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1809 to 1815; that he, with his partner in business, Dennison Darling, erected, about the year 1813, at fort Bowyer, a store-house, which was of the following dimensions, viz: thirty-five feet long, by eighteen feet in width, and a story and a half in height, of good materials, weatherboarded, floored, and ceiled, and fitted with all necessary appurtenances; and that, just previous to the attack on the fort, by the land and naval forces of Great Britain, in 1814, the commanding officer had said store-house demolished, in order that it might not afford to the invaders'a shelter. * *
In testimony of the above, your petitioner begs leave to refer to the deposition herewith of Major R. Chamberlain, then of the second infantry, who was present at the attack above mentioned; and that of Mr. Curtis Lewis, the agent and clerk of the sutler. These gentlemen estimate the cost of the store-house at about one thousand dollars; but this amount is not within five hundred dollars of the actual expense incurred in its erection. By the destruction of this house, your petitioner has sustained a loss of at Jeast one thousand five hundred dollars, independently of a very considerable loss in goods, by their hasty removal and deposite in an insecure and exposed situation. Your petitioner therefore asks that the amount of his house may, with legal interest, be paid to him; and, as in duty bound, he will ever pray. Bilo Img criteni policies sit l'outboom op! Hy is visit! BENJAMIN S. SMOOT.
WASHINGTON City, Dec. 17, 1830..
MAJOR R. CHAMBERLAIN'S DEPOSITION.
Major Reuben Chamberlain is respectfully requested to answer the fol. lowing questions upon'oath. • 1st. How long did you serve in the south, and in what regiment, and with what rank? . 2d. Was Benjamin S. Smoot sutler to the second regiment during the years 1809, 10, 11, 12, 13, 14, and 15, and up to the capture of fort Bowyer, in 1815, by the British army? · 3d. How much pay was due to the second regiment in 1815?
4th. Was it disbanded without pay? if so, why was it not paid prior to its discharge?
5th. Was it not the custom to permit the soldier to take up the amount of his pay, or nearly so, from the sutler, as it became due?
6th. During the inability of the United States to pay their troops, would not their privations have been vastly increased but for the stores of the sutlers:
7th. If the United States had paid their troops agreeably to law, would the sutler have lost any thing?
8th. Did the troops, by order of the commanding officer at fort Bowyer, demolish a building of the sutler, Benjamin S. Smoot, or Smoot and Darling, on the point of Mobile, prior to the assault on fort Bowyer, in 1814? if so, what was his object in doing so, and what was the size, construction, and value of said house?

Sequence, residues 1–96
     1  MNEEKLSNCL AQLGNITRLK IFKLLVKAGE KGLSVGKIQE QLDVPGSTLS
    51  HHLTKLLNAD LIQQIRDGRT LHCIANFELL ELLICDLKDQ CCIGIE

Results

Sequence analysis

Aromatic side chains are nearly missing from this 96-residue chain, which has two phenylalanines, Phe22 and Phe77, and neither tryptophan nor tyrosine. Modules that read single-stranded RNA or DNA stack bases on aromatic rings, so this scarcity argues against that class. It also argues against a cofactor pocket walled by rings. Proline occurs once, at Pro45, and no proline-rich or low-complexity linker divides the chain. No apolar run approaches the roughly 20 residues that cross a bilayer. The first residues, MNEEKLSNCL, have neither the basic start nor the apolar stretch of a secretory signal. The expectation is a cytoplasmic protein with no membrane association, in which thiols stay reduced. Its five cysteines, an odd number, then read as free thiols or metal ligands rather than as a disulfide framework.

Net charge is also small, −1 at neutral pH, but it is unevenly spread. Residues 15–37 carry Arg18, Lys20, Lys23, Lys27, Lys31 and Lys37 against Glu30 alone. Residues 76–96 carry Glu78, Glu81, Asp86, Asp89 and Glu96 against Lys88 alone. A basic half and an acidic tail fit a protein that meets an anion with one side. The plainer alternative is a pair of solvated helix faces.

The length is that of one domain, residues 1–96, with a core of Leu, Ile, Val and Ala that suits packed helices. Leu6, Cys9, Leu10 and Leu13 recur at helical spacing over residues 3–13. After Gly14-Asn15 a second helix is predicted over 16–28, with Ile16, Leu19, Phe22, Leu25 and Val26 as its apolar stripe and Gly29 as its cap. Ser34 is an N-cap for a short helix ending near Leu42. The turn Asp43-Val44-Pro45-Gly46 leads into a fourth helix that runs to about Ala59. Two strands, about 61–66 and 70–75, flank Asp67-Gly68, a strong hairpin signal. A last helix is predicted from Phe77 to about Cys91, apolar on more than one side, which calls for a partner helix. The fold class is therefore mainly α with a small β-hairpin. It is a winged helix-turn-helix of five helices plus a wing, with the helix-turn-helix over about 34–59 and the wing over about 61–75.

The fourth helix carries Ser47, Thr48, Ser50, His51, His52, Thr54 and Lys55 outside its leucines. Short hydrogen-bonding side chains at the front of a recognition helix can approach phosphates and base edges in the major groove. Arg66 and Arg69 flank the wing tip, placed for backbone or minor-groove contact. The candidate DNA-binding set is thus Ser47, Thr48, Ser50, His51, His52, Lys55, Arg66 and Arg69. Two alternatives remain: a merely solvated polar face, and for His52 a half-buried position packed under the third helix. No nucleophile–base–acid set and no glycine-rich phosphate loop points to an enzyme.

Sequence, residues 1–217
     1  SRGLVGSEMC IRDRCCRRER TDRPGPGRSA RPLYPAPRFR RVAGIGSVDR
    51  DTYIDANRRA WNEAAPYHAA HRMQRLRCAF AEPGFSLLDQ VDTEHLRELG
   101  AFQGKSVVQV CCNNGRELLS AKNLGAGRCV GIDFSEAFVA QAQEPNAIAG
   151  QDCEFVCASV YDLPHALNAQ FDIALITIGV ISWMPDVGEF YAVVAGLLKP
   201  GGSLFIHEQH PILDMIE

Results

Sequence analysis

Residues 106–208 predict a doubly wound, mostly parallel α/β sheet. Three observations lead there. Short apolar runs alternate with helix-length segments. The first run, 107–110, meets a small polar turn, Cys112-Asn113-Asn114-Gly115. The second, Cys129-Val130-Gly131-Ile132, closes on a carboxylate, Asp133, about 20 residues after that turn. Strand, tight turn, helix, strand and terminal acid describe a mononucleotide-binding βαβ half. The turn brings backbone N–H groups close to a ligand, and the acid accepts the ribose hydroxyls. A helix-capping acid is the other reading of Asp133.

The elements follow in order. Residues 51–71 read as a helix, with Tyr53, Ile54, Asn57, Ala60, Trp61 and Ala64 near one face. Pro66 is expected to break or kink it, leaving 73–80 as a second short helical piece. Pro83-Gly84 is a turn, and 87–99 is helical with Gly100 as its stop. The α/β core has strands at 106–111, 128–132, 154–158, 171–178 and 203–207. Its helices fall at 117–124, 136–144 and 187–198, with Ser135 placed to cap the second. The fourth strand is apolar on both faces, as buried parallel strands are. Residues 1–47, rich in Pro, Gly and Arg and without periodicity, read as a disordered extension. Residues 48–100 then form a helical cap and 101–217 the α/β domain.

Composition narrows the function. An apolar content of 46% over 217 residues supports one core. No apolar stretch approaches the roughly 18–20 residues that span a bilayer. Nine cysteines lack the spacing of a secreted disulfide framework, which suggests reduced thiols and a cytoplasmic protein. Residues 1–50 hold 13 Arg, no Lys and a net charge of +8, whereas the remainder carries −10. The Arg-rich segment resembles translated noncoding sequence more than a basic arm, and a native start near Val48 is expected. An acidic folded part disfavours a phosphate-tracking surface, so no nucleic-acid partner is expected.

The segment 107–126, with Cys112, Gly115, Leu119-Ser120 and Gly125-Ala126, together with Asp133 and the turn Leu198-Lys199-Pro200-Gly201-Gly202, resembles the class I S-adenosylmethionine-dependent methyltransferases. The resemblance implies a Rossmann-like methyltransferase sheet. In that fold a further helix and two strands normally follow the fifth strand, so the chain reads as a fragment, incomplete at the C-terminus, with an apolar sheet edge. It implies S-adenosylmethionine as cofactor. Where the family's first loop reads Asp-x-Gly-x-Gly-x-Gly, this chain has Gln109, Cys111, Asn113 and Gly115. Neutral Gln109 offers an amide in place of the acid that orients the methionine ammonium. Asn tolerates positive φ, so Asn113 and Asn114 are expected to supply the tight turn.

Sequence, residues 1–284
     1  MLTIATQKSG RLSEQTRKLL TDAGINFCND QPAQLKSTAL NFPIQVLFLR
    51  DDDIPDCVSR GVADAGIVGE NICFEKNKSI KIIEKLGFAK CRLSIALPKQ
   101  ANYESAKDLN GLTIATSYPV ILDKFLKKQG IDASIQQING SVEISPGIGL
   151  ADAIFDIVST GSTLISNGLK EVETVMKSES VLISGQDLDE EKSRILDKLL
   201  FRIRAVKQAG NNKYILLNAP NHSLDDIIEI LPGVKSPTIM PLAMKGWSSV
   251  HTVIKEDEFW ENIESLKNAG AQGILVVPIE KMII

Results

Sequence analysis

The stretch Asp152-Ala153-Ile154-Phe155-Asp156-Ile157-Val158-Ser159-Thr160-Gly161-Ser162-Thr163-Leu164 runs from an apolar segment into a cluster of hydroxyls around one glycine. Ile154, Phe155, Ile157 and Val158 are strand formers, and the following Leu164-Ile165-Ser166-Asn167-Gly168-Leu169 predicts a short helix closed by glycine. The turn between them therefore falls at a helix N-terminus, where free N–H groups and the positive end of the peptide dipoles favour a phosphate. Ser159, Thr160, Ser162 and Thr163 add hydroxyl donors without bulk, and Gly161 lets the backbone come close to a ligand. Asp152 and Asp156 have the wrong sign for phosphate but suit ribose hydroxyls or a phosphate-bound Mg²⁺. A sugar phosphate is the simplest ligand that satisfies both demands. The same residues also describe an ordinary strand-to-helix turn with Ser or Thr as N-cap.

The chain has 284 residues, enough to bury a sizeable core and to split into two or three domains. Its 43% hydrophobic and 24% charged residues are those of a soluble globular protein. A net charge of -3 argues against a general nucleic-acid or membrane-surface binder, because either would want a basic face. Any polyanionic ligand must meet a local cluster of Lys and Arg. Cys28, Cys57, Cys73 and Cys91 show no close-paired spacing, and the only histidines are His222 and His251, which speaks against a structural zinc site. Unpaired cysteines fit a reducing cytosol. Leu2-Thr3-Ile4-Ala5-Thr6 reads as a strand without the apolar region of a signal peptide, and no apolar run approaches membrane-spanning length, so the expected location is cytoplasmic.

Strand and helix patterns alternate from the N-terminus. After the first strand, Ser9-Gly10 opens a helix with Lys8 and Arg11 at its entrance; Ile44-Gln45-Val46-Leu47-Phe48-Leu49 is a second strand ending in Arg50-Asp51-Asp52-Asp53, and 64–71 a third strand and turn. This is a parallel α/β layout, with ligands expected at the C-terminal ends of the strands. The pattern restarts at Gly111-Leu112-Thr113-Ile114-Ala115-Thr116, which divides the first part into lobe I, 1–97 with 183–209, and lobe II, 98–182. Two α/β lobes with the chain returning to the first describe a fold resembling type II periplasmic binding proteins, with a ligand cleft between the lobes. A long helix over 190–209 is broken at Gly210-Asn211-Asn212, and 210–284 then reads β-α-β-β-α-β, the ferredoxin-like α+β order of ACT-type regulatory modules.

9th. Did the sutler sustain any damage by the removal of his goods,
et in doing so, the assault on for us Smoot and be
other than the destruction of the house? if so, state the probable amount as well as you can.
BENJAMIN S. SMOOT. Answers to the foregoing interrogatories. . Ist. I served in the south from 1814 to the disbanding of the army in 1915, in the second regiment of infantry, in the grades of second and first lieutenant and captain, and was promoted to the twentieth regiment in 1814.
2d. He was. 3d. There was several months' pay due, but how many I do not recollect.
4th. They were disbanded without pay, because the paymaster had no funds.
5th. It was my custom, and I believe the custom of the officers com. manding companies in the second regiment generally, to permit the soldiers, ' as their pay became due, to receive from the sutler from one-half to threefourths of the amount of their pay, and on pay day to see the sutler paid.
6th. The troops received many comforts and conveniences from the sut. ler's siore, which they could not have procured from any other. ;
7th. The sutler would have lost but little, if any thing. .
8th. Colonel (then Major) Lawrence, the commanding officer at fort Bowyer, (by the advice of his subordinate officers,) prior to the assault on · fort Bowyer in 1814, ordered the sutler's store, owned by Smoot and Darling, to be demolished; it being so situated as to afford the enemy a shelter within musket shot of the fort. The size and construction of the building I do not distinctly recollect, but I suppose that such a building, at that time and place, would have cost something like one thousand dollars.
9th. The sutler, no doubt, did sustain considerable loss by the removal of his goods, but the amount I am not able to state.
STATE OF ALABAMA, 2.
Personally came before me, Paul Deane, one of the justices of the peace for the county aforesaid, R. Chamberlain, and made oath that the above answers to the foregoing interrogatories are true, to the best of his knowledge and belief.
Sworn before me, and subscribed, at St. Stephen's, this 6th day of January, 1830.
P. DEANE, Justice of the Peace.
CURTIS LEWIS' DEPOSITION.
STATE OF ALABAMA, 2..
Personally appeared before me, B. B. Breedin, a justice of the peace in and for Mobile county, Curtis Lewis, for a long time one of the custom-house officers for the district of Mobile, to me well known, who, being duly